My local fraternity is fairly large with 60-70 people. We have a house that holds about 30 men, so we are very close among each other (all pledge classes) and socially active. Frequently in chapter meeting the problem of fellow brothers not paying dues brings to mind a question of how to deal with those brothers.
For example, a brother has been living in the house for 2 years, eats the food, goes to socials, but never pays dues. What is the fraternity to do about such a problem?
We have tried issuing a periodic reminder for the brothers that do not pay dues but that does not seem to incentivize them to pay. Should a punishment be instituted to incentivize a brother into paying his dues? Should a particular punishment include a suspension of the brother (and even kicked out of the house) for those who have extraordinary dues? Is that conflicting with the rules of “brotherhood”? We seem to be locked in a stalemate about what to do, because the fraternity cannot function without dues, yet those who do not pay are essentially living, eating, and partying for free off of those who do pay.
This is a challenging issue that a lot of chapters face. As a result, I wrote an entire chapter (in fact is the very first chapter) titled “Members Who Fail to Pay Dues” in my new book: The Chapter President – Preparing Sorority and Fraternity Leaders for the Unexpected.
Since this is a very important issue – I have included that chapter below. If you think this is of value – please consider learning more about my latest book on Amazon by CLICKING HERE.
Members Who Fail to Pay Dues
This is a huge issue in new chapters or chapters that aren’t run professionally. Nothing would upset me more than seeing a fraternity brother blow tons of money at the bar every weekend when I know he’s thousands of dollars in debt to the chapter. Here are the eight steps you need to take to make sure your members stay current on their dues.
First, you need to make sure that chapter members feel they are getting value for the dues they are paying. Not only is that an essential goal for you as a leader, it is common sense. If your members believe they are getting a good return on their dues investment, they are more likely to pay.
Second, chapter expenditures must be transparent. By that, I mean that everyone in the chapter should know where the money is going. This means that the treasurer actually has to do his job and report to the chapter how the money is being spent every week. Doing so also tells the membership how much money the chapter needs to accomplish its goals. If these goals are important to the chapter—and they should be—then members will be more eager to pay their dues.
Third, members need to have a financial incentive to pay. If you can give a nominal discount for paying early, then it is in your best interest to do so. This is actually the exact same thing as having a fine for late payment, but it is much more palatable to the membership.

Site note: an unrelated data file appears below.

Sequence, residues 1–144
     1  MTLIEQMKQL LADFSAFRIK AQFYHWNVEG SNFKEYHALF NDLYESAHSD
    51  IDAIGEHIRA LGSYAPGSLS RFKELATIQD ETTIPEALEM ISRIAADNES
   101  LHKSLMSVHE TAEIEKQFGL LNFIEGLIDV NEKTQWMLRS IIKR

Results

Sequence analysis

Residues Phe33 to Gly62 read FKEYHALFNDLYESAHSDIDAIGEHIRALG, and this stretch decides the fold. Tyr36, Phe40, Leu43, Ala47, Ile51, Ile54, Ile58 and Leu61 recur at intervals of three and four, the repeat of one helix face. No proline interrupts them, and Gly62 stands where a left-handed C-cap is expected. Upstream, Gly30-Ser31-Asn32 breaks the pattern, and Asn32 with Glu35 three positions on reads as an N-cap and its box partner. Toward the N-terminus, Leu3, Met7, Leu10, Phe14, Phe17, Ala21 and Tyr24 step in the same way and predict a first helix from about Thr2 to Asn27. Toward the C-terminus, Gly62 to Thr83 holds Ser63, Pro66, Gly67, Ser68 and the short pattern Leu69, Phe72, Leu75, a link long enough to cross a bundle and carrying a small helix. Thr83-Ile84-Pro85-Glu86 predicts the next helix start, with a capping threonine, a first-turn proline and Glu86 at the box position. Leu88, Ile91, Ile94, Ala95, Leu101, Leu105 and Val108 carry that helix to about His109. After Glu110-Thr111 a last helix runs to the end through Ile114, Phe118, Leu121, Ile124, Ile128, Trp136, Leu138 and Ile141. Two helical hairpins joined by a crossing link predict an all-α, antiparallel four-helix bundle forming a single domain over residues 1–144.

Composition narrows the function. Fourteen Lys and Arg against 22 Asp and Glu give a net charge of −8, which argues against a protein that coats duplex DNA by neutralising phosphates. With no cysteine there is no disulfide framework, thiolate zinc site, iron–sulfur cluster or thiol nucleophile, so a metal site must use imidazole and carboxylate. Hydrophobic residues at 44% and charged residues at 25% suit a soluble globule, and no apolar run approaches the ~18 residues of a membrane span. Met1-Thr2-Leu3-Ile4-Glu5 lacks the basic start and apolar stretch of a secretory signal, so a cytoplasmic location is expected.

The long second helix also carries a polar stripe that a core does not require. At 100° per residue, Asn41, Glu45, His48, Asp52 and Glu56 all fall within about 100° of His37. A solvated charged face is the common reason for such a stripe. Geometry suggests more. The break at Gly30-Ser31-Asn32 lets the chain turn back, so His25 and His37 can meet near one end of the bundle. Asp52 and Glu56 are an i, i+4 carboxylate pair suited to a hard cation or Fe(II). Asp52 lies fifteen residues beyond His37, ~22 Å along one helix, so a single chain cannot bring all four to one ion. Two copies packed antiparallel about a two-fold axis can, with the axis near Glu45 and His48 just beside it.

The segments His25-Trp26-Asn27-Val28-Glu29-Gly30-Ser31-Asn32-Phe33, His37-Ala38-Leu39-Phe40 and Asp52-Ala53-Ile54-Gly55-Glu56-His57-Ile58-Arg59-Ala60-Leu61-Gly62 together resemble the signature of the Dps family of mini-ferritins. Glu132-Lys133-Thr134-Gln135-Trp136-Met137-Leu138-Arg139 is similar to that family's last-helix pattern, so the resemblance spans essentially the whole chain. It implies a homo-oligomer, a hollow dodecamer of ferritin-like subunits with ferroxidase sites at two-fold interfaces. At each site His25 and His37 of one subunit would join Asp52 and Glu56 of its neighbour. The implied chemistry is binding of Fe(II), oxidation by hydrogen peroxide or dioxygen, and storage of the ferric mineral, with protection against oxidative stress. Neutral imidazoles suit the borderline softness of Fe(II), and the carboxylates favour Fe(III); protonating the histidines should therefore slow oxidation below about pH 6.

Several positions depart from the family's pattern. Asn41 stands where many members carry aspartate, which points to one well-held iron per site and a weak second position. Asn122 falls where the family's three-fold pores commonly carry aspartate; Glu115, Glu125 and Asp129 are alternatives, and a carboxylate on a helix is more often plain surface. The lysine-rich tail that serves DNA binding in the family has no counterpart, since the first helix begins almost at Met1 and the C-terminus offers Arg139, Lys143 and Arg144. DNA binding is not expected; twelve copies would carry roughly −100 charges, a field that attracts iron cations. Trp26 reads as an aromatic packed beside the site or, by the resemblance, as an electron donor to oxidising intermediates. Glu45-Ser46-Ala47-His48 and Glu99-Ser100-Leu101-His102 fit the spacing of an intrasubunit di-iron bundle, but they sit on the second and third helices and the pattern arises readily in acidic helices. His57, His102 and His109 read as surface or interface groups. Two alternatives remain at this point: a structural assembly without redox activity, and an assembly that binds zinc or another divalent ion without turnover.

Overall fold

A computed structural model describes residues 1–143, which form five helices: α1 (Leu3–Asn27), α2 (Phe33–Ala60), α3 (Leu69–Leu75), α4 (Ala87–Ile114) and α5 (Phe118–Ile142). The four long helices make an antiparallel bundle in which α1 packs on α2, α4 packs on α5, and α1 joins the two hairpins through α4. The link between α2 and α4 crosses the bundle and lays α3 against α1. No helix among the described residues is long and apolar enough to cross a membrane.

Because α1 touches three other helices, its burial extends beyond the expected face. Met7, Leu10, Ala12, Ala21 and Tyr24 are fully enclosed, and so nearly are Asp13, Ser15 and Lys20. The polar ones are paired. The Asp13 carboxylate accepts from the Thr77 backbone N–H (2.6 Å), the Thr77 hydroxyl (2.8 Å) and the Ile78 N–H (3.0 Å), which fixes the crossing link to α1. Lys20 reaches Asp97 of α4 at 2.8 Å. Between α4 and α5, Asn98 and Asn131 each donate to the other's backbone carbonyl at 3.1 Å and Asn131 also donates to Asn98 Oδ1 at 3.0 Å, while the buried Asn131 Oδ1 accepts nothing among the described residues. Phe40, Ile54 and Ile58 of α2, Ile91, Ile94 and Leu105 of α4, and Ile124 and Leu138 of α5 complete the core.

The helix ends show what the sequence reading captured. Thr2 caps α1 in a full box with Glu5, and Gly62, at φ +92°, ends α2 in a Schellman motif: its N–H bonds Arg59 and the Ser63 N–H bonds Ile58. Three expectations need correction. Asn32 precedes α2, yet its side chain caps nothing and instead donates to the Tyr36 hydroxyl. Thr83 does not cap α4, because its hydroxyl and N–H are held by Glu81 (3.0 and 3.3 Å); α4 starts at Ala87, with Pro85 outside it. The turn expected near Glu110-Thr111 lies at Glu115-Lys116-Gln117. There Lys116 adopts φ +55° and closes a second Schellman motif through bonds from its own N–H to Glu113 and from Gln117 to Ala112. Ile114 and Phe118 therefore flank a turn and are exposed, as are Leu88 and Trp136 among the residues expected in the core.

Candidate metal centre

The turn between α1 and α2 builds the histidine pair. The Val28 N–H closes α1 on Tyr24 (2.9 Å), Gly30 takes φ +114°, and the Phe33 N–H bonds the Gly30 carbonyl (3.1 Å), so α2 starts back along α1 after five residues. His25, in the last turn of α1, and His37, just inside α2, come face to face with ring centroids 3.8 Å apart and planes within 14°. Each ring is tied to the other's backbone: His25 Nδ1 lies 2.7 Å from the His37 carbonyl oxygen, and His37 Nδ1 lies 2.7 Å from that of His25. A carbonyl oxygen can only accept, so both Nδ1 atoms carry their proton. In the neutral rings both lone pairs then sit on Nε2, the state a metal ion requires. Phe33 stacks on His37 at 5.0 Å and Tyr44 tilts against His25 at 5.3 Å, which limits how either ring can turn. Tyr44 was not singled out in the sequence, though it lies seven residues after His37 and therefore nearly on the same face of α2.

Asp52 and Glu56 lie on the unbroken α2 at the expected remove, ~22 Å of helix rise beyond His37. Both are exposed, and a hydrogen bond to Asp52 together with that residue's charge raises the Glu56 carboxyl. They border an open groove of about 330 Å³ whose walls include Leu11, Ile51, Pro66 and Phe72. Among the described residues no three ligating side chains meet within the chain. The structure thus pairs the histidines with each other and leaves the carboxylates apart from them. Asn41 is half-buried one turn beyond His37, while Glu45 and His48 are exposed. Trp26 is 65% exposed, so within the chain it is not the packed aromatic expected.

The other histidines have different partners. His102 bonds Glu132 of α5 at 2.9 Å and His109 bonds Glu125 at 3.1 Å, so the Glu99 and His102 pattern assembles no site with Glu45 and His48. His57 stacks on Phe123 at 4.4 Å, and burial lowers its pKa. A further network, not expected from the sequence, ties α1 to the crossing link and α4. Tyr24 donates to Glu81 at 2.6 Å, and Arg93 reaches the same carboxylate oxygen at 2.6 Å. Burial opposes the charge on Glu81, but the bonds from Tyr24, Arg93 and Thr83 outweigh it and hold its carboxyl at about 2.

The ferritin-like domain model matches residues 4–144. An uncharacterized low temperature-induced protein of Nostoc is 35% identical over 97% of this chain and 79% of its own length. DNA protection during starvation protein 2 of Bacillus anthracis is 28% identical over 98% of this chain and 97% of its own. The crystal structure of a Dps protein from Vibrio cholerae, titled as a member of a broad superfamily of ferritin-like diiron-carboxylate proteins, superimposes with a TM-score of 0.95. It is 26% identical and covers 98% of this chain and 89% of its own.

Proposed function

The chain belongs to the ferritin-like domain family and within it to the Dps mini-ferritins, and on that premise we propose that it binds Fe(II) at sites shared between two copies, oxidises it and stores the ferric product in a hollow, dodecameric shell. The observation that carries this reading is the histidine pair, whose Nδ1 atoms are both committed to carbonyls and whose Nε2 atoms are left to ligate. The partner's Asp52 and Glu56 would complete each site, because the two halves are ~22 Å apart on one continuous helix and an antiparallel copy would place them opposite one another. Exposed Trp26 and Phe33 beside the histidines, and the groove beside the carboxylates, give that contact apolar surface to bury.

Fourth, you need to ask for dues professionally. You do this by sending a dues statement to every member, every semester. In this statement, make it clear when dues are due and how to pay. You also need to send a receipt when you receive payment.
Fifth, make it easy to pay. I am not a huge fan of dues-collection companies because of the fees they charge. I just don’t think the chapter needs to incur these fees to collect. The treasurer should always take a payment. He should never say, “Pay me later.” The chapter should also be able to collect electronically via PayPal or similar services.
Sixth, collect promissory notes from members who do not pay on time. This note should include the member’s payment plan, which spells out when he will make good on his debt. Be sure to do a quick Google check on promissory notes to see whether your state requires that they include specific information.
Seventh, the treasurer’s weekly report must include the dues owed to the chapter. The amount owed by each offending member must be specified. Peer pressure will do wonders to get members to pay. If members are offended by being called out, then there is a very easy solution to their problem. They can pay their dues.
Eighth, make sure the chapter bylaws include a clear policy on what happens if a member does not pay his dues. The last thing you want is the offending member to accuse you of playing favorites because of an inconsistent policy. Fines and suspension of privileges should be included in this policy.
The final stage of this policy should be terminating membership and sending the offending person’s debt to a collection agency. If you have the promissory note, you will have all the paperwork you need.
This eight-point procedure may seem harsh, but there is a huge culture difference between collecting dues as a club vs. as a professional organization.
Don’t forget for a second that the members who are not paying their dues on time are mooching off the chapter. They are not meeting their obligations. If you don’t hold them accountable, you are actually doing them a disservice. What happens when they enter the real world and don’t pay their bills or mortgage? By forcing them to uphold the commitments they make in college, you are preparing them to be financially responsible for life.